Huge in France “Épisode Un”

Huge in France “Épisode Un”

Background: Huge in France was co-created by and co-written by (and stars) Gad Elmaleh. Gad Elmale, comedian and “The French Jerry Seinfeld,” is playing himself in the series.

Two Sentence Summary: Gad, a famous French comedian, is having a midlife crisis. When Gad finds out his estranged son is becoming a male model, Gad decides to move to LA to reclaim purpose in his life.

Series Main conflict: Gad wants to make up for being a dead beat dad.

High Points: I chuckled a few times watching the show. “Episode Un” is funny at times. I enjoyed the subtle one liners and the character Jason Allan Ross the most.

The production is good; it is expected production value from a Netflix original.

The cinematography stands out in a few scenes. There is a great shot overlooking Paris, and the closing scene aligns Gad’s conflicts and sets up the series.

I’ll add a couple midpoints. First, the American characters are all negative archetypes, negative as in unlikable qualities. Gad’s son, Luke, is the angry teen. Gad’s agent is the annoying screw up. Jason Allan Ross is the dumb actor/model (Ross is a positive/cool dude, but negative achetype). Luke’s mom is the venomous female. Is this French snobbery towards America?? I usually like anti American art, but The America and Americans beings unlikable doesn’t lead anywhere in the pilot (besides to one of my low points below).

Second, the show poops all over agents, actors, and models. Which is fine, if it’s funny. It is funnier now. It’s funnier writing and thinking about it, but wasn’t when I watched it. Maybe this is a low point. The problem is the it’s only ironic after reflection. The episode implies that the audience agrees how stupid modeling is. Although I agree, the execution is off. The modeling plot point did set up a few of the one liners I liked, however, overall it isn’t funny enough. It boarders a drama. Myabe it’s a failed dramadey For the series, modeling leads to Gad’s call to action. But for a show created by and starring a successful comedian, I expect a funnier.

Last midpoint, if you like naked sexy French women, you’ll get a bite size treat.

Low Points: Unfortunately the main jokes get played out. The whole premise of the humor in the first episode is based on Gad expecting to be a star in America. Gad is super famous and rich in France. There must be a lot of autobiographical material here, but there is a problem. I don’t care! And it’s not that funny. Not being funny is the primary reason I don’t care. I’d be surprised if Americans cared. Ironically, the actor Elmaleh, “The French Jerry Seinfeld,” is unknown in America. And like his character, Elmaleh is not making a good first impression in America.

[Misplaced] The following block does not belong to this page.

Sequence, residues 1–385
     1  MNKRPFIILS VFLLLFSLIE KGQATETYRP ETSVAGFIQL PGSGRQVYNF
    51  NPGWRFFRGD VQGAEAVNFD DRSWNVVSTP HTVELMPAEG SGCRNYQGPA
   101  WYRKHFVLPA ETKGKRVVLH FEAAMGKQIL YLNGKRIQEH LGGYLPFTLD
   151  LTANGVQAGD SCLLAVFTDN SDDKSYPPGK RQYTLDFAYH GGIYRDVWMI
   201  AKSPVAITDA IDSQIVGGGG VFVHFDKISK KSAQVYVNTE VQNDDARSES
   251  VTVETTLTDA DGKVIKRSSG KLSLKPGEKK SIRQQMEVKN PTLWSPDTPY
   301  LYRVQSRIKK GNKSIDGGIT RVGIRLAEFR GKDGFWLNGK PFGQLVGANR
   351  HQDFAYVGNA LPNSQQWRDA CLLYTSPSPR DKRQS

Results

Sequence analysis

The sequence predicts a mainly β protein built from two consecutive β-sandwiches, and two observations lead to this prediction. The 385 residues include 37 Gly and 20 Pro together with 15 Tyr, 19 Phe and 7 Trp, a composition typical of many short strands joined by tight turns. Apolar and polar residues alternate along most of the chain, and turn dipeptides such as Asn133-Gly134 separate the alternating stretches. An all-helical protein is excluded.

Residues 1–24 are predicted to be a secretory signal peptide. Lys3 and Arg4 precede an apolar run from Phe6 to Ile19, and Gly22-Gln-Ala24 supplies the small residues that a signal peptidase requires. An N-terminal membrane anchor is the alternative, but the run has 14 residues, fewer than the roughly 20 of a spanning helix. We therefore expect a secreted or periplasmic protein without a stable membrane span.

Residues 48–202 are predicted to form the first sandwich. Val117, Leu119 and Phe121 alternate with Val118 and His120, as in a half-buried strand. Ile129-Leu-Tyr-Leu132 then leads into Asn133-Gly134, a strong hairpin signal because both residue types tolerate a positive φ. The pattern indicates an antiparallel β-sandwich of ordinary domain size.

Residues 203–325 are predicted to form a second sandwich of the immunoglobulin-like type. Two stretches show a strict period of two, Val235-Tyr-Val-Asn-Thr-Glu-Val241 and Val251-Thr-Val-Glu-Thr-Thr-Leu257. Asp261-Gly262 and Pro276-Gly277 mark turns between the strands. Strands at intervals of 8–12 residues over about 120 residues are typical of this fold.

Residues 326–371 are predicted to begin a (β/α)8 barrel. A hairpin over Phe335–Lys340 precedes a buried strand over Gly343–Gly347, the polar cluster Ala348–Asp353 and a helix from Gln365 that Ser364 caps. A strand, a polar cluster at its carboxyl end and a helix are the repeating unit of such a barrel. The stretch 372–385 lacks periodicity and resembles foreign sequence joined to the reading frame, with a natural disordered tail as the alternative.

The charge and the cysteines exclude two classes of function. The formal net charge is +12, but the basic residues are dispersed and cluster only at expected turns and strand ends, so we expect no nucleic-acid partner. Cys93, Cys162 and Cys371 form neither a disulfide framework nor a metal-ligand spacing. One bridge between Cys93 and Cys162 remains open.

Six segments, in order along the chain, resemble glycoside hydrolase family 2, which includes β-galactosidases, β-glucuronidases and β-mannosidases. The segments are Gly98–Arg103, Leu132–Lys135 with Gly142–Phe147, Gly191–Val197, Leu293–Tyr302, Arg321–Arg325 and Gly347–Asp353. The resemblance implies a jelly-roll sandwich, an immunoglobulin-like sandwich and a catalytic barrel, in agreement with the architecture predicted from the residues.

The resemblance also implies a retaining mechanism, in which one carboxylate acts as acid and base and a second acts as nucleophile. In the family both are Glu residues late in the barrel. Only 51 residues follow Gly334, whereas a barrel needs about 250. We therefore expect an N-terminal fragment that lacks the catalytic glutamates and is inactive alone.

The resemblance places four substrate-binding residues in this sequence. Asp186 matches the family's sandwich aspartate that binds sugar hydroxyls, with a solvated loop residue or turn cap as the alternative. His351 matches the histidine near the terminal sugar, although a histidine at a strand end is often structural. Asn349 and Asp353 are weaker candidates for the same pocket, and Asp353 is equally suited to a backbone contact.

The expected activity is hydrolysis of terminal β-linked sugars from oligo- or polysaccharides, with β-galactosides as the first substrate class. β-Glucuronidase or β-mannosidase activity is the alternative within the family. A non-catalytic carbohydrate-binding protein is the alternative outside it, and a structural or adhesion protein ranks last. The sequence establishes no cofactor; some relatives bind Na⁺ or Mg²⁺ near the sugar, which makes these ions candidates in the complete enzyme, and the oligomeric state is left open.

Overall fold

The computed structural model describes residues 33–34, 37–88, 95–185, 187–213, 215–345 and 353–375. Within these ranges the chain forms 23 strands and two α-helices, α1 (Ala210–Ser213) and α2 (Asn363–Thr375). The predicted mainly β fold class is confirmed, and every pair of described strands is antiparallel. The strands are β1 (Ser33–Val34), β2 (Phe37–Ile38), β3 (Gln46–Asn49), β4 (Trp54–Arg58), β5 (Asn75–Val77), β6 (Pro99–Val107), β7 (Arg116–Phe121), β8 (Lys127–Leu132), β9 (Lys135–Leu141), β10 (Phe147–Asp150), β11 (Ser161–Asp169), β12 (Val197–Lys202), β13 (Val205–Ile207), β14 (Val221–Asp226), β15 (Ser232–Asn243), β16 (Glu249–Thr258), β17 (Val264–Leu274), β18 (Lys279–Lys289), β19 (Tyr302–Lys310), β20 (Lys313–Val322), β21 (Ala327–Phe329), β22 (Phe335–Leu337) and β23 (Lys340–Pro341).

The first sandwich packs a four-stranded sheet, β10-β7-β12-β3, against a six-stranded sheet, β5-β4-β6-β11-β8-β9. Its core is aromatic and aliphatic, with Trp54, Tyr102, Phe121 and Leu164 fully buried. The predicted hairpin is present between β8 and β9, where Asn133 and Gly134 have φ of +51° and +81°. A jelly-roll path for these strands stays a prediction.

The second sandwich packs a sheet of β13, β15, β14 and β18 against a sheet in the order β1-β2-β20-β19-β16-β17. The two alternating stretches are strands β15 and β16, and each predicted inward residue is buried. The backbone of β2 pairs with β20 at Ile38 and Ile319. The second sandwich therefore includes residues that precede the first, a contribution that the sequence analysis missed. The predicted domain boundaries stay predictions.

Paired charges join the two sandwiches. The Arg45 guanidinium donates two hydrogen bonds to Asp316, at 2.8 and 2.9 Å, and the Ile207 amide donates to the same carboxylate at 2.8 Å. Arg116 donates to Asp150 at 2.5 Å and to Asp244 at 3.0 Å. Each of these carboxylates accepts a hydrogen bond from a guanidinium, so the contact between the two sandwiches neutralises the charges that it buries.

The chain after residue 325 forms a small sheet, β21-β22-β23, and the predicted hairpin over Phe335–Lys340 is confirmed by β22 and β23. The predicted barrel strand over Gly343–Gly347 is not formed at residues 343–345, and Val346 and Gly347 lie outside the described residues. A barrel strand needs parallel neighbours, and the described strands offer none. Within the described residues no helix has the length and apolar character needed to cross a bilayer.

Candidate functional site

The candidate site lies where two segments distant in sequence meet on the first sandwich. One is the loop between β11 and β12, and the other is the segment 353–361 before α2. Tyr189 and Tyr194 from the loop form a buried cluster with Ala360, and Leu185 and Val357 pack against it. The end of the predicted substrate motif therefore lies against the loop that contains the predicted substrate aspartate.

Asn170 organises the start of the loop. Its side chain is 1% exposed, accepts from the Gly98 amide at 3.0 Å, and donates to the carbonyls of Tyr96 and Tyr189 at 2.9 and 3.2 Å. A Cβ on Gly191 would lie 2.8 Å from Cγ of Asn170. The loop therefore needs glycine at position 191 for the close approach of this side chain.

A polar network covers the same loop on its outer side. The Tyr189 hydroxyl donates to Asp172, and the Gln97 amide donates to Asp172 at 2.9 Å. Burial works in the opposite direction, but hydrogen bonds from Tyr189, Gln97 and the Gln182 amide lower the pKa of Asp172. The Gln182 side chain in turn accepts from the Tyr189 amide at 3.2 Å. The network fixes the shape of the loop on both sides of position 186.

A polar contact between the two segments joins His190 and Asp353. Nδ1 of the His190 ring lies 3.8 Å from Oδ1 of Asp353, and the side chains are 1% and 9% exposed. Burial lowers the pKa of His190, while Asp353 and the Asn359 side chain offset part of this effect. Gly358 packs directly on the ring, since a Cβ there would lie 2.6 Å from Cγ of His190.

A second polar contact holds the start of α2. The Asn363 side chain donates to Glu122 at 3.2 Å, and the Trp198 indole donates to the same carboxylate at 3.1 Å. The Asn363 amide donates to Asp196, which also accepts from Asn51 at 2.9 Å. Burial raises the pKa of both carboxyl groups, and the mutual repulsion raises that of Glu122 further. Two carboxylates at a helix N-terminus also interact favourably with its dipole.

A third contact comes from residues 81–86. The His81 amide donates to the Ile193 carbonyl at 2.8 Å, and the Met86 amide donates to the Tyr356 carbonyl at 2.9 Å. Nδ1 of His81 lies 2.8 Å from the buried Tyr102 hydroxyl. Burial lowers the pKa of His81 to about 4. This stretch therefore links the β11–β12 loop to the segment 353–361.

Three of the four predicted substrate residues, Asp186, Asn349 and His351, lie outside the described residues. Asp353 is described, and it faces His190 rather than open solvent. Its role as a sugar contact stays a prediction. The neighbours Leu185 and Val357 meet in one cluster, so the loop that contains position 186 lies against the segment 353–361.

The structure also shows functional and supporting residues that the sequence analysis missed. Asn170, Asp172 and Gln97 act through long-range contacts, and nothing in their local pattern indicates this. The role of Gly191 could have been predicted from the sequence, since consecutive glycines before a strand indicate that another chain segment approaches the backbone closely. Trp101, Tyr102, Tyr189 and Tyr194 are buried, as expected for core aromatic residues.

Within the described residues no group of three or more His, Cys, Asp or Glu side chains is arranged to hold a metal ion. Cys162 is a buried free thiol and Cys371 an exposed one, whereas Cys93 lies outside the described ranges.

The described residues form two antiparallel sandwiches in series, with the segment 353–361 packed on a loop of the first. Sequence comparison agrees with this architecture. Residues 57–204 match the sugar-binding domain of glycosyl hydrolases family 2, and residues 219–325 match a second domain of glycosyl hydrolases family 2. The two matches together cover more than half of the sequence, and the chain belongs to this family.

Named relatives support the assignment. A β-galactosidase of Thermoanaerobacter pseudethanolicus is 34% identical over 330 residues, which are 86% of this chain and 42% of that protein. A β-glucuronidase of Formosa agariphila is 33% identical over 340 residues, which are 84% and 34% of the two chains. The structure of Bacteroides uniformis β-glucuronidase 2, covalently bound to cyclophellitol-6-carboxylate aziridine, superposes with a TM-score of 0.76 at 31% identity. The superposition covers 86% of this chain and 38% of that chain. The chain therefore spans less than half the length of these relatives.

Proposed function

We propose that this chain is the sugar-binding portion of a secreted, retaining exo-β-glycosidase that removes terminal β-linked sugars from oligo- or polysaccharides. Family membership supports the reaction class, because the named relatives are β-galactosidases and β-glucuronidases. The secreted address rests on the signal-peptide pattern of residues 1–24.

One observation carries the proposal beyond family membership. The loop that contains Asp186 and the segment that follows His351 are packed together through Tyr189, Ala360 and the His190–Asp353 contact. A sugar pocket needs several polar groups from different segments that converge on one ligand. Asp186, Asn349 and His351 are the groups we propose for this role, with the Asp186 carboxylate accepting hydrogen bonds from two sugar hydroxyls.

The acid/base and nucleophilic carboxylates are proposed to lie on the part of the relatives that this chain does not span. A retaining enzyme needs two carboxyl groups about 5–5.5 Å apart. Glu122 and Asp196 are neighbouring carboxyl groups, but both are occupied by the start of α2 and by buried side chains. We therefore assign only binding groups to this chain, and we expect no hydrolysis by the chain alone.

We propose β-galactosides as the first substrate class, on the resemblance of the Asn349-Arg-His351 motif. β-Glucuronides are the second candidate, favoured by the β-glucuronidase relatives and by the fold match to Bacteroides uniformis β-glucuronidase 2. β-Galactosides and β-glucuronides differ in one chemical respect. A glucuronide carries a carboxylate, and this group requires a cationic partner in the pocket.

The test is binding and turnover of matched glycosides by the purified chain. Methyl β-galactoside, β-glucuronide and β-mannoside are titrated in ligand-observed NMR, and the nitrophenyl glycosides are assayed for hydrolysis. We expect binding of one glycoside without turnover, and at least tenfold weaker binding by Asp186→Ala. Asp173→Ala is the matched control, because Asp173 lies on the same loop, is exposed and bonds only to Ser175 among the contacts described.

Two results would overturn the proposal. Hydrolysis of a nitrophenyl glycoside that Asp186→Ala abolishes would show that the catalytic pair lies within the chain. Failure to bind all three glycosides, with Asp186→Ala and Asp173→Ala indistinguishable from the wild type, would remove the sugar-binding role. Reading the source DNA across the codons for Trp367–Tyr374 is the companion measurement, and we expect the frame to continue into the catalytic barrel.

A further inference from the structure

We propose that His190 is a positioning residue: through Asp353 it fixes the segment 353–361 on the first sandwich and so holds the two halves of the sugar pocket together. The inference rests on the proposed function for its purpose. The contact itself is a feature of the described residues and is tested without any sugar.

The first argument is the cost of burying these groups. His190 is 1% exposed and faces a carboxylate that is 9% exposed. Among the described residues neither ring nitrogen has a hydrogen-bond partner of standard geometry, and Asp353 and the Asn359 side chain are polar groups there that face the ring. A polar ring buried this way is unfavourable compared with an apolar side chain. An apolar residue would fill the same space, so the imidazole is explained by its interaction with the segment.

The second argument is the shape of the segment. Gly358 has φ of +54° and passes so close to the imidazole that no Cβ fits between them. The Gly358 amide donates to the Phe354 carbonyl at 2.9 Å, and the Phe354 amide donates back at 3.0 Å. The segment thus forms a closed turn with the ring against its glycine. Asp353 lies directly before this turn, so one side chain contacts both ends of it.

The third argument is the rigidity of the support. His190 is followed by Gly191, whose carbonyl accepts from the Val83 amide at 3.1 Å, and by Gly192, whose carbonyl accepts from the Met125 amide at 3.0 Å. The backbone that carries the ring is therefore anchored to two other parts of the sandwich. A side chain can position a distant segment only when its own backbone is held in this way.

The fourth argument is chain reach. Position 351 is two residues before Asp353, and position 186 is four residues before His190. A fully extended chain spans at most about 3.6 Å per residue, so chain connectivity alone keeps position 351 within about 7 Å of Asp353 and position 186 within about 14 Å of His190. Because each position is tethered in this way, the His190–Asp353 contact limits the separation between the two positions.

The perspective or the audience of this show is off. The show creates the premise around a French perspective of America for Americans. Gad’s French fame and wealth sets up his midlife crisis. No problem there. Not only does Gad’s amazing house overlook the Eiffel Tower, he also hooks up with young sexy French women which brings him no pleasure. The guy with everything Americans want is depressed. Okay fine. Then the Americans he runs to all suck?Not only do these people suck, but they don’t respect Gad. By staying in America, Gad validates America’s apathy towards French and Europeans. Gad Elmaleh and Huge in France pretty much admit that success outside of the U.S.A. is worthless.

I’d rather see a an American star go be super famous in Europe, Asia, or Africa.

Watch: No thanks. The last scene, which I liked, is not enough to interest me in the second episode or the rest of the series. Netflix does have one of Elmaleh’s stand up specials. I might check out his stand up, maybe as background noise with dinner, pending Mrs. Nameles’ approval.

To hoist, or not to hoist: This is a strong hoist.

Quest for the Best and Worst Pilot Ever: As expected, this episode is going towards the bottom. It’s definitely better than Rel and The Cool Kids. I’d say above the Cloak and Dagger threshold, but it’s nowhere near Kimmy Schmidt. So pending a watch and response from Drew, I’m going to place it as the new #56 above Cloak and Dagger.

Petardar: (recommendations) here are three sitcoms that know how to entertain and set up a series.

Let me know if there are any great pilots you have watched recently, or if you want to recommend a pilot to watch and review!

Everyday we hoistling,

 

Jimbo out!

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